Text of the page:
How do I get more readers for my blog?

A queer guide to getting your writing noticed.

How do I get more readers for my blog?

In the world of online publishing, one of the common questions that often comes up is: “How do I get more readers for my blog?”

Let’s take a look at some of the steps you can take to try and increase the size of your audience.

Create great content

It may sound obvious, but what audiences are looking for is great content.

Make sure that you are clear about who your target audience is – that’s who you’re writing for.

Challenge yourself before you hit publish on any post: “Why would someone want to read this?”

Use the analysis

If you’re serious about growing your audience, then you need to be looking at the insights that you can get from whatever analytics are available.

Whether you’re using Google Analytics or the inbuilt analytics of your blog platform, look at the numbers and see what they’re telling you.

Which posts are performing best? Are there any common characteristics of the posts that are performing best? Are there any common characteristics of the posts that are performing worst? Where is your traffic coming from?

Be ruthless with your content

Your blog isn’t a paper of record. You’re not a library that needs to keep a copy of everything that you’ve ever written. If you’ve got a blog post that’s not performing well in terms of traffic, delete it.

You want your blog to showcase your best work. You want to direct your target audience to the blog posts that really connect with people. Search engines will prioritise content that people respond to and that meets their needs.

Just because you’re deleting a blog post doesn’t mean that it’s been wasted effort. Try and work out why the post didn’t connect with your audience. Was it the headline? Was it the structure? Was it the images?

Take the post into your drafts, add it to your work-in-progress list, have another go at it. See if it performs better once you’ve rewritten it.

Evergreen content is an investment for the future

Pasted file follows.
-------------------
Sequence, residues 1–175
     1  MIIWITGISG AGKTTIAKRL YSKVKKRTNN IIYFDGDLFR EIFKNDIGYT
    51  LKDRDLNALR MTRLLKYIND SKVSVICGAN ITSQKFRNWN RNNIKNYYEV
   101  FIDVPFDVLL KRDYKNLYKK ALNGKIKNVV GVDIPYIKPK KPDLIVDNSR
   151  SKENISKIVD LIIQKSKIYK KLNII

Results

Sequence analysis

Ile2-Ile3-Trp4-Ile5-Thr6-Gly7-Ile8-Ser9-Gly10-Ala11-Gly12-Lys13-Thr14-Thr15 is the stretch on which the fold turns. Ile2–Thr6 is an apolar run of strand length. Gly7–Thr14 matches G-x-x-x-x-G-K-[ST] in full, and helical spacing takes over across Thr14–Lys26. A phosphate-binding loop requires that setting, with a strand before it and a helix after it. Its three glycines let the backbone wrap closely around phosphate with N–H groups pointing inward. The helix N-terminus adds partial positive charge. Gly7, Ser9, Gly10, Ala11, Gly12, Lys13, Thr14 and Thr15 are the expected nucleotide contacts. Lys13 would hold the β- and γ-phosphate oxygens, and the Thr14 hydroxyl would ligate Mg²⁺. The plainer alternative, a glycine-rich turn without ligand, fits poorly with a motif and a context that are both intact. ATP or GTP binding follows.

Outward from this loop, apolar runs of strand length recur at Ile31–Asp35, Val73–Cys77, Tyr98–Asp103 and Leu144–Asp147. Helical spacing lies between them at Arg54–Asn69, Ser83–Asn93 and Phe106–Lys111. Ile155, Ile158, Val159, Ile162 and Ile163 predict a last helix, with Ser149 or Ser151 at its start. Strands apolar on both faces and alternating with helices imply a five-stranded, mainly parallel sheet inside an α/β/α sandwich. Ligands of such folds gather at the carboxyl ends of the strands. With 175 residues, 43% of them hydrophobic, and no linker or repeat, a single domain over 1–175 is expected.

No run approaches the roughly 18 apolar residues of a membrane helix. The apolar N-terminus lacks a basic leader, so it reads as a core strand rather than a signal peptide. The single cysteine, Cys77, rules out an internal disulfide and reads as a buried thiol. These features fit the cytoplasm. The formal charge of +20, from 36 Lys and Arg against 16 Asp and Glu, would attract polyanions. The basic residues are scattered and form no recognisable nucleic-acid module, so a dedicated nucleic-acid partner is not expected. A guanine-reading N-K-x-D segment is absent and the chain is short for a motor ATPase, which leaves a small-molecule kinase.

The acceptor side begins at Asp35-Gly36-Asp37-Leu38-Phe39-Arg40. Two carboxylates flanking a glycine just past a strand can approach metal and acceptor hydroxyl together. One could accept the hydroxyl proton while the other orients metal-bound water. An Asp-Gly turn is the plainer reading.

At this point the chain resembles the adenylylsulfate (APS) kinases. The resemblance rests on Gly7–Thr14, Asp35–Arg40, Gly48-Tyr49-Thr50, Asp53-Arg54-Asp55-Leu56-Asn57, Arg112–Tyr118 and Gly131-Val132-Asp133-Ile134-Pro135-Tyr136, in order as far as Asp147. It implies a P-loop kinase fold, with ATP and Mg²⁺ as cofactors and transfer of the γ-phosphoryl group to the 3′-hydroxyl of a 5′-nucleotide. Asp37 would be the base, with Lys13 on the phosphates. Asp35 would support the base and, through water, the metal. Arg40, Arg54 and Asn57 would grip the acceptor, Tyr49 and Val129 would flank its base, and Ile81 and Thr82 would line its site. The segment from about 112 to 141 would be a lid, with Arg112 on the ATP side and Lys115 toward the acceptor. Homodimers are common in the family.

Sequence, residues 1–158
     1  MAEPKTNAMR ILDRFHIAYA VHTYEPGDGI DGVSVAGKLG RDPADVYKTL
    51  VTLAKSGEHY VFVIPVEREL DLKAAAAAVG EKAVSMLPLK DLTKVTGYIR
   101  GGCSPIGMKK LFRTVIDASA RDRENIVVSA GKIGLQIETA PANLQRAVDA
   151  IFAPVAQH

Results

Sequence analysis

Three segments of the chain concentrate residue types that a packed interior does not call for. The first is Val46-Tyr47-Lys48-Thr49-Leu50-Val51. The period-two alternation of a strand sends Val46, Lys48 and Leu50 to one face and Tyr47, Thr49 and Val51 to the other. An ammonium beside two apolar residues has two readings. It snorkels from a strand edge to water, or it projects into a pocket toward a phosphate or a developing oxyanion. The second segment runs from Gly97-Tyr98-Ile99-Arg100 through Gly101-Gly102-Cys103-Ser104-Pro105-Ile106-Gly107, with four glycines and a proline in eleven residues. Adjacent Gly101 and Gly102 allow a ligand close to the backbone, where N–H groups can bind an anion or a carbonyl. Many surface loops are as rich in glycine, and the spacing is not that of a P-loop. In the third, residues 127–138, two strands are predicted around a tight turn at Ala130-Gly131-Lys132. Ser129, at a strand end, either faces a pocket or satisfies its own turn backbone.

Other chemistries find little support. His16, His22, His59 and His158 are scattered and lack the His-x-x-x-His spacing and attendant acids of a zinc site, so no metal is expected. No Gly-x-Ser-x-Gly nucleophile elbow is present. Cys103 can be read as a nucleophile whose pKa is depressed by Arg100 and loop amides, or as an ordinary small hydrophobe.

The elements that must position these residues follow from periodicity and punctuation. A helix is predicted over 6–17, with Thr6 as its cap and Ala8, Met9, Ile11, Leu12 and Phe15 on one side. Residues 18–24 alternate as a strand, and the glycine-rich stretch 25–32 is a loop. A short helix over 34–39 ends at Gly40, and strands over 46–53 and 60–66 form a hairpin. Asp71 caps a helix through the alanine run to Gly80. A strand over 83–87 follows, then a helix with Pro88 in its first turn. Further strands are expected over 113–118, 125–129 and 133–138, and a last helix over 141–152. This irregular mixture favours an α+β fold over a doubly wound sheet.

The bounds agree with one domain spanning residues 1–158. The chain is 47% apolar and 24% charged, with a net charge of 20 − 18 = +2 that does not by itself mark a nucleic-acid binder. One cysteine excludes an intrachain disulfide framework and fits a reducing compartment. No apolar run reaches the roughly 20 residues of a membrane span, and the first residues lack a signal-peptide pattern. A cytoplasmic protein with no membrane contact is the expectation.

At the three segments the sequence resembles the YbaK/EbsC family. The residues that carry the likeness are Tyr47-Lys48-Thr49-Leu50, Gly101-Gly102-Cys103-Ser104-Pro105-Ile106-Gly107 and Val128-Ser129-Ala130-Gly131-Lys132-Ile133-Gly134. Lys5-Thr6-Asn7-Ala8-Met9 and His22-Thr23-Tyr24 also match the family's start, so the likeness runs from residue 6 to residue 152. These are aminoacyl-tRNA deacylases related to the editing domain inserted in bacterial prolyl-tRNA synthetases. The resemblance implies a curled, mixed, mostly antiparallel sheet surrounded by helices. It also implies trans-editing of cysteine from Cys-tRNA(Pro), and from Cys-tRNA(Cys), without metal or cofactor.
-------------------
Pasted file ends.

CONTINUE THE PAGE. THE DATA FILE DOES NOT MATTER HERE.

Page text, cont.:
Topical and time-specific content is great, but it’s got a definite shelf-life. Once the event has passed or the topic is no longer in the news, then that post isn’t going to deliver you any more traffic.

Evergreen content is content that isn’t time-specific and remains relevant for a longer period of time. For example, “Who will win Season 10 of RuPaul’s Drag Race?” has a much shorter shelf-life than “The five most iconic Drag Race queens.”

It’s a bit of a mixed metaphor, but keep your Evergreen content fresh. Most blog platforms will enable you to edit and republish without changing the URL. If you’ve got a post that lists the five most iconic Drag Race queens, but then you want to add a new face to make it six – update your post and republish it without changing the URL. That way, you’re keeping the SEO value that you’ve built so far and adding extra value to the post by ensuring that it’s relevant and up-to-date for your target audience.

Spend time on headlines and images

A lot of your traffic is probably going to be coming from social media platforms. Headlines and images are essential for drawing your target audience to actually read what you’ve written.

Test and trial different options for headlines and images. Spend time getting these as strong as possible.

SEO still matters

You can’t really ‘game’ SEO any more, but if your blog platform gives you functionality around key-words and SEO optimisation then it’s worth making the effort to use it.

Any SEO benefit that you can generate for your blog is worth having.

Promote your blog

No one is going to care as much about your blog as you do. You’ve got to proactively let people know that you’ve written something and that you’d like them to read it – don’t wait patiently for the world to discover your genius.

Use all the promotional tools you’ve got at your disposal. Create a distribution list and send email newsletters. Share your posts to your social media networks. Send direct messages to people who you think might be interested. Get active in discussion groups. Ask your friends and family to share your posts.